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Obsessed with its huckleberry patch, this black bear never stopped eating as a line of equally oblivious hikers passed on Glacier Park’s Loop Trail below Granite Park Chalet.

We know the least about the plant we love the most in the mountains.

When Tabitha Graves took up carnivore research for the U.S. Geological Survey base at Glacier National Park, one of the biggest puzzles needing attention was the role huckleberries play in the food chain. Although creatures from grasshoppers to grizzlies like the purple fruit, we know little about what the berries themselves like.

“The more I’ve gotten into this, the more I’ve realized how important they are,” Graves said. “All kinds of birds eat them, as do small mammals. We’ve found coyote scats with berries in them. We’ve seen wasps eating them. And of course, humans eat a lot of them.”

Then there are the snowshoe hares and deer and moose that munch on huckleberry leaves, at least six species of bee that collect huckleberry pollen, and who knows what kinds of mycorrhizal fungi that grow together with the roots. Did we mention bears eat them, too?

All that might explain why huckleberries have resisted all attempts at domestication. The inability to grow huckleberry bushes in a greenhouse or garden has frustrated researchers for decades. It’s also left big parts of the plant’s life cycle unknown.

“We’re trying to get basic data like how many flowers on bush produce how many green berries, and then how many of those go on to be ripe berries,” said Janine Lichtenberg, who heads the wildlife and fisheries department at Salish-Kootenai College in Pablo and has teamed up with Graves to fill in some of those huckleberry blanks. “Many people think of them as dessert, but historically, huckleberries were a huge part of the Native American diet. They’re still considered a significant plant for Indian people today.”

Part of the research project Lichtenberg and Graves have set up involves talking with Native American cultural committees and tribal huckleberry harvesters about their oral history on the plant. Tribes in huckleberry habitat from western Montana to Oregon have extensive customs and traditions regarding how to find good berry patches, how they vary from season to season and how fire affects berry productivity.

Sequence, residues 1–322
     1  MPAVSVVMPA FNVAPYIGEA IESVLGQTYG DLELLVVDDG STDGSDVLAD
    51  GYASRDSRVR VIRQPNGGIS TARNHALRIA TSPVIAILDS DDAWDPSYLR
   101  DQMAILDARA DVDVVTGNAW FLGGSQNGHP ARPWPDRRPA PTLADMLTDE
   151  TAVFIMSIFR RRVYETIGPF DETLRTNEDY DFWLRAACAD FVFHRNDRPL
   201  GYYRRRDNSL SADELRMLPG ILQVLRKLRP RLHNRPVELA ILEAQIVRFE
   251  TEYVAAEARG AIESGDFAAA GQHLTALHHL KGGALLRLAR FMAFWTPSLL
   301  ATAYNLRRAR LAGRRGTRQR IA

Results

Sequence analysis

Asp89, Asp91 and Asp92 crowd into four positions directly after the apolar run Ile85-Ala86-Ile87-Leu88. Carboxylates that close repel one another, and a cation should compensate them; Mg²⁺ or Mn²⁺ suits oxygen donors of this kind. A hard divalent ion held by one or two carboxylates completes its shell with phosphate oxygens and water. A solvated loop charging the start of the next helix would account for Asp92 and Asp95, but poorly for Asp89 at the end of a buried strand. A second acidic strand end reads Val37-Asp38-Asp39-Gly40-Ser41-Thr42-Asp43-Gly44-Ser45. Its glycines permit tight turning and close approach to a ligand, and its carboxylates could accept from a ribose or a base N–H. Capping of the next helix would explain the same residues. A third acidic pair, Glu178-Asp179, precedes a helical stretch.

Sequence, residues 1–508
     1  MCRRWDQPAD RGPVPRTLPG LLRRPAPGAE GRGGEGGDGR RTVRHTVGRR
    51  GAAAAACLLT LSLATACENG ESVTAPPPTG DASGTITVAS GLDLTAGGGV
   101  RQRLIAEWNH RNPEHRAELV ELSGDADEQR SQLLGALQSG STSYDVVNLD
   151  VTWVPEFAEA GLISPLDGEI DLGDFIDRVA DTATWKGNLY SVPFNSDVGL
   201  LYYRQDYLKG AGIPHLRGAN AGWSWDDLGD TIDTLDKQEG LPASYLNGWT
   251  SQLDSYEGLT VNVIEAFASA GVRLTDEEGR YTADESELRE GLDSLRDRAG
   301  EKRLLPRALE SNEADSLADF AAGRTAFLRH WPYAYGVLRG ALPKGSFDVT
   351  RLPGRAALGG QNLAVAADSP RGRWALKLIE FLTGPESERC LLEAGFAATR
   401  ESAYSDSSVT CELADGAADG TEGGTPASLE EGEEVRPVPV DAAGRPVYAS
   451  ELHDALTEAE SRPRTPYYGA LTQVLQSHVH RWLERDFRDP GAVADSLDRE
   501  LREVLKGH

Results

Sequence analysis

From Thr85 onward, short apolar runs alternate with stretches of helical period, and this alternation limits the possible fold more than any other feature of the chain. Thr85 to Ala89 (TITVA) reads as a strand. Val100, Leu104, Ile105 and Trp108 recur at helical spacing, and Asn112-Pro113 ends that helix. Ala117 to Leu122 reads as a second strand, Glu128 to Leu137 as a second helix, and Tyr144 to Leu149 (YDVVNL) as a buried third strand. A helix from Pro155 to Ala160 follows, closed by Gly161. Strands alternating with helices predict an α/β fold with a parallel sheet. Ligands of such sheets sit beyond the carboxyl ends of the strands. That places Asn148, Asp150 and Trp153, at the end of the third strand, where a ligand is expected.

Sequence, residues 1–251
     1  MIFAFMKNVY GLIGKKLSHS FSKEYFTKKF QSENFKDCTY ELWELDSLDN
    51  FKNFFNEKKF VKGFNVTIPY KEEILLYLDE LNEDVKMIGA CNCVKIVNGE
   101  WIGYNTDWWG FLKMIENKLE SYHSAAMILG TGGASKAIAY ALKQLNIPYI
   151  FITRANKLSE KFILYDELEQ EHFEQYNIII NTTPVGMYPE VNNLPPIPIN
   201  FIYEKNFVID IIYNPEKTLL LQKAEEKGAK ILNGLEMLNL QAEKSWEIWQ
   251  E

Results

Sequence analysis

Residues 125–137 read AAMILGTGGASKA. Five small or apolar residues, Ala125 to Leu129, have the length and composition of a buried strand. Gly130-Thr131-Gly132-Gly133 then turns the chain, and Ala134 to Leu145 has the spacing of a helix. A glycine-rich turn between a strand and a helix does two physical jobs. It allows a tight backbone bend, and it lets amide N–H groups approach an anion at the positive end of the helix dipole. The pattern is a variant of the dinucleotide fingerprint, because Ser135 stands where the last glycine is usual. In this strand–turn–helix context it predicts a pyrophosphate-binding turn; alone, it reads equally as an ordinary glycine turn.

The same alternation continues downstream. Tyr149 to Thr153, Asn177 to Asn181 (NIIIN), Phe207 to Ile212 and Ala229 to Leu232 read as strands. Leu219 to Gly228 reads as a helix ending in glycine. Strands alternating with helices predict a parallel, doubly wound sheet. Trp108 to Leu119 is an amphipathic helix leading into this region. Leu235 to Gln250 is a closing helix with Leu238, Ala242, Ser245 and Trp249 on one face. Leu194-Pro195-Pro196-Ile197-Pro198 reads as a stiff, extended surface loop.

Then the biologists try to confirm those anecdotes with field observations. They’ve set up remote cameras taking daily pictures to pin down the timeline of huckleberry leafing, budding, fruiting and ripening – as well as the progress of other plants growing in the same patch that might give hints about bigger forces at play.

“There was a lot of work done long ago, and most of it was looking at variation across sites or variation across time – but they weren’t able to look at both together,” Graves said. “You can’t take what they learned and make a predictive map.”

The new project plans to combine elevation, rain and snowfall, tree cover, sun aspect, slope grade and soil conditions over several years to build a bigger picture of what huckleberries like and don’t like. And to be specific, the project looks at the common Vaccinium membranaceum huckleberry. Related species like the little whortleberry and some hybrid varieties must wait for another research window.

A lot of people will be interested in the answers. Wildlife managers know that good or bad huckleberry crops influence how many black and grizzly bears wander into town looking for apples or bird feeders – but they don’t know how to predict a good or bad year. Huckleberries react to drought and drenching conditions, but can they forecast them? How might forest thinning and hazardous fuels work affect huckleberry patches?

All those questions have attracted interest from federal agencies like the U.S. Forest Service, tribal governments in Washington, Idaho and Oregon, and citizen science groups such as Swan View Connections. Several student interns from Salish-Kootenai College, University of Montana and nearby schools have joined the effort. As funding becomes available, Graves and Lichtenberg have several more years of work planned out.

“The big-picture question is what is necessary for these plants to be as healthy as they can be?” Lichtenberg said. “They are such a big part of the ecosystem of the Pacific Northwest.”

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Natural Resources & Environment Reporter

Natural Resources Reporter for The Missoulian.